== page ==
It sounds like you and your Kayak are in perfect dynamic balance. If you do not have to over steer into the wind your kayak is in balance.
    Keeping with your airplane theme you could add a small tail at the stern. That would shift the wind pressure balance behind the CG and turn the kayak into the wind. Might be fun to try.


    Roy
     
  5. JohnAbercrombie

    JohnAbercrombie Paddler

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    Tom: Is this your boat?
    mini-Sealution II.JPG
     
  6. Peter-CKM

    Peter-CKM Paddler

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    I don't know that boat, but in general a boat with more rocker will track less well (turn more easily, including on its own when you stop paddling).

    I recently helped out one shop I work for by going through and cataloging their kayaks (they have many different brands and models which they acquired over the past 30+ years) and listed such things as what size paddlers they are good for, what size skirt to use, etc. In doing so, I talked wit some old timers who explained that the Necky Eskia is a high rocker boat and they didn't like using t because it didn't track well and they would have to work to keep it going straight, including when they stopped paddling and let it drift. That explained a lot about why I liked that boat over say a Looksha IV, which tracked better (I like maneuverable boats when I am guiding/teaching).
     
  7. paddlin-tom

    paddlin-tom New Member

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    Thank you Mick, John, Roy, and Peter. That is indeed the boat John.

    And, yes, its really not too dire. I've been paddling with it as is for nearly 20 years. It was only after trying someone else's boat that I started to get annoyed by the tracking instability of my boat. That current designs boat I tried was so effortless...

    I had not heard of g-flex, so I'm going to give that a try. I'll try taping on a temporary skeg before doe that. And I'll surely try putting a water bottle in the back (and front for comparison). Those are both great suggestions. Thank you.

    I greatly appreciate John's recollection of his conversation with Bjorn Thomasson. I hope that by researching some of the terminology he mentioned (lateral center of gravity & lateral center of boyancy) I will be able to figure out the physics of it and make an informed correction by moving a bit of weight (sounds like back is suggested).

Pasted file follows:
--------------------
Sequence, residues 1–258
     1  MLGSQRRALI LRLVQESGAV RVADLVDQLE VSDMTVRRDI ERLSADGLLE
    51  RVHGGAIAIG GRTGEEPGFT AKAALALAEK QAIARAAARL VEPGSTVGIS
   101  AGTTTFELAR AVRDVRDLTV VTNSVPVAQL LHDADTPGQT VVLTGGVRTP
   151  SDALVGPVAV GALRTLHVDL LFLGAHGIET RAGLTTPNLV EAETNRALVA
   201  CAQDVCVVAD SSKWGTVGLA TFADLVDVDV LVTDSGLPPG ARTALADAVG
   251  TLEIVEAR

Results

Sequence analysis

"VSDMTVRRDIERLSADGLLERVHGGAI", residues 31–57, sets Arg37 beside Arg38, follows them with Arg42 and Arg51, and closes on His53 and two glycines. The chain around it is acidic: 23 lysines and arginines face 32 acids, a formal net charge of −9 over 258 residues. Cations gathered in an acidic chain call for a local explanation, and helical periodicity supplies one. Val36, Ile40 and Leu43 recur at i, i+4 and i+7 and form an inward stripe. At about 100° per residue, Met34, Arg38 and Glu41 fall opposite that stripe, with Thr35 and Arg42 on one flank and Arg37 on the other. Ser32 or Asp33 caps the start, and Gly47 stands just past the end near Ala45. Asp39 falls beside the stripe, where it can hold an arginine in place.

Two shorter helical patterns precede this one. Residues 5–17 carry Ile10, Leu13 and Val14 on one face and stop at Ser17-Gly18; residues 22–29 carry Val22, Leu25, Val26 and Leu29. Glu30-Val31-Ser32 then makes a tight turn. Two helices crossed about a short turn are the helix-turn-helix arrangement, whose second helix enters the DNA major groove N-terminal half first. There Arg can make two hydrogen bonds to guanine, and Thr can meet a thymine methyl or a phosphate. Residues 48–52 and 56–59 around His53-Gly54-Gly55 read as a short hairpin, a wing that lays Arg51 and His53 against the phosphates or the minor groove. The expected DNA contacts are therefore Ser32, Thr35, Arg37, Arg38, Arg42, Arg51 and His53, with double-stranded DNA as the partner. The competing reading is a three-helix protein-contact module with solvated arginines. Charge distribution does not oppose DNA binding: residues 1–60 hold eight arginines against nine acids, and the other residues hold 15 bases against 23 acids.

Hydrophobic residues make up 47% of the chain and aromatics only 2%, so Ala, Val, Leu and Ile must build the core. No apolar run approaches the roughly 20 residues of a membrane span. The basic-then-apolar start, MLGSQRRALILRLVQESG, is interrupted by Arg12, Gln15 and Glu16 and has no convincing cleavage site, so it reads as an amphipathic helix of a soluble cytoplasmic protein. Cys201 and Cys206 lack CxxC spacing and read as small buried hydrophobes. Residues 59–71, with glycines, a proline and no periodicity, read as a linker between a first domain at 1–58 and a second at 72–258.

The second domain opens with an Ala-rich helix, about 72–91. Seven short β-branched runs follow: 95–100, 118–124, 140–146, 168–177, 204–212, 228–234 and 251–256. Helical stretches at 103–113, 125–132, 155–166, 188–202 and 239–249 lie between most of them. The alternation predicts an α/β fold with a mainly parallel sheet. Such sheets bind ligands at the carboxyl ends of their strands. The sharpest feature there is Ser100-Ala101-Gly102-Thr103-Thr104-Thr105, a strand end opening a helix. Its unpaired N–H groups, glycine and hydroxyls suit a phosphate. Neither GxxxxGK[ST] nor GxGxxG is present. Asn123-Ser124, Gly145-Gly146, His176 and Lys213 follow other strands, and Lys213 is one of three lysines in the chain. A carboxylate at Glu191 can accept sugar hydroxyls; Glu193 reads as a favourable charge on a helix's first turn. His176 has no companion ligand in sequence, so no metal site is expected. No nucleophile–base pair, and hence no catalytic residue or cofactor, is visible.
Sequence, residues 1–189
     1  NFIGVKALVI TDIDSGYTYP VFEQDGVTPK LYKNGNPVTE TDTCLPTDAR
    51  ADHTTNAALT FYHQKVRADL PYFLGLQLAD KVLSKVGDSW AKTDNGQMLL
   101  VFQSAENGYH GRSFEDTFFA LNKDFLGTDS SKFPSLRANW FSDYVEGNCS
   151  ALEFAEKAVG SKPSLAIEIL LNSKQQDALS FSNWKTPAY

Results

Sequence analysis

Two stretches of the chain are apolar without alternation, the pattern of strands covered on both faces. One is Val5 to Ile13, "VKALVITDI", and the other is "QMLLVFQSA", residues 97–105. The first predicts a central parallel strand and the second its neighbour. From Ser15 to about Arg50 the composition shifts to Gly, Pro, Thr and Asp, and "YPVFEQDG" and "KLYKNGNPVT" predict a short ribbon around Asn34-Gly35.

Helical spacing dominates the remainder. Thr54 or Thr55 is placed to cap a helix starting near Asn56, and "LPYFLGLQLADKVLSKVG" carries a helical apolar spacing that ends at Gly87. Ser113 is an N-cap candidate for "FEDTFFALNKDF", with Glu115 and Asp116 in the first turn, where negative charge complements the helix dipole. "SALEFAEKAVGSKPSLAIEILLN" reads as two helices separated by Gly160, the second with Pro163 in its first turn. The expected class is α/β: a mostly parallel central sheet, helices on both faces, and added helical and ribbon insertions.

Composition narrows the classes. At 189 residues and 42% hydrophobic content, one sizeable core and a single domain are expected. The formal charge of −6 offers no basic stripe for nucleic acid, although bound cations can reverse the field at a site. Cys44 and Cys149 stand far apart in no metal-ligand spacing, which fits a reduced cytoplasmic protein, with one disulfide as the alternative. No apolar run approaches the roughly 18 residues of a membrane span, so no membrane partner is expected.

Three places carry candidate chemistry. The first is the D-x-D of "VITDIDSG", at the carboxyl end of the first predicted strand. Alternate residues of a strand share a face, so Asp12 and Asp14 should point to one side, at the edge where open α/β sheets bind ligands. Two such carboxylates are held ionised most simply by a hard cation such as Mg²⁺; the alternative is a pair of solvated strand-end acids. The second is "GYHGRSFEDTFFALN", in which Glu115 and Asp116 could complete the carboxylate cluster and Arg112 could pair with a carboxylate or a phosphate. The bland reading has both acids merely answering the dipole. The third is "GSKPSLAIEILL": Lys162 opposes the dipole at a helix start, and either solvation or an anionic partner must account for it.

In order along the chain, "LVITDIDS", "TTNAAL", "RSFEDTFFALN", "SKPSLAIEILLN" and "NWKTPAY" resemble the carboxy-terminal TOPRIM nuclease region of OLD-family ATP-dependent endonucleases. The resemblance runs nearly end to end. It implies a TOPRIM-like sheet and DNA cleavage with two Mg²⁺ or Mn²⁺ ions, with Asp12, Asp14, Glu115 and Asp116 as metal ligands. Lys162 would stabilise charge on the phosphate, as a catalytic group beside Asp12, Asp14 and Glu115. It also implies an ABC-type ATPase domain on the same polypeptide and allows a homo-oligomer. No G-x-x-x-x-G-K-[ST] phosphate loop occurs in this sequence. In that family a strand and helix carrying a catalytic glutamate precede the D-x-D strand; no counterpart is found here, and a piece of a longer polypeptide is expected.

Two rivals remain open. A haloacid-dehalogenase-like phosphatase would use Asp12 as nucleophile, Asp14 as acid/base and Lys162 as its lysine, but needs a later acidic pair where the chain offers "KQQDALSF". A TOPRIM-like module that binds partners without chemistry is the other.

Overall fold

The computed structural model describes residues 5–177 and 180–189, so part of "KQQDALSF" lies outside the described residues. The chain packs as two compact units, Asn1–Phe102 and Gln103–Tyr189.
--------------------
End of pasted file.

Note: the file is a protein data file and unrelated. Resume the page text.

And about rocker: This boat probably has more rocker than when original. Its an old boat and has sagged some even though I try to rotate it and support it well. So Peter might be on to something.

    And about the wind: The boat does pretty good in the wind. I have no complaints there, and performance in the wind is probably more important than flat water tracking, so I appreciate Roy's thought on that.

    Again, thank you, thank you. Very helpful discussion by all.

    Happy paddling,
    Mr. T (haha)
     
  8. JohnAbercrombie

    JohnAbercrombie Paddler

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    I think a 10L Dromedary (or two) or a few 'wine bags' of water were what Bjorn suggested - i.e. 10+kg vs 1 kg.

    A friend stops when it gets windy and loads some rocks into his Seda Glider - any weight will do!
     
  9. chodups

    chodups Paddler

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    I was in a kayak shop years back where the operator hung all boats from lines attached to the end toggles. Glass or plastic it didn't seem to matter. During the course of the paddling season one particular rotomolded boat didn't sell and hung for months. Eventually it changed shape to a banana. People look at my Progression and scratch their heads but this boat was so far beyond that and was totally unsellable.

    How does the rocker present when you set it on the floor?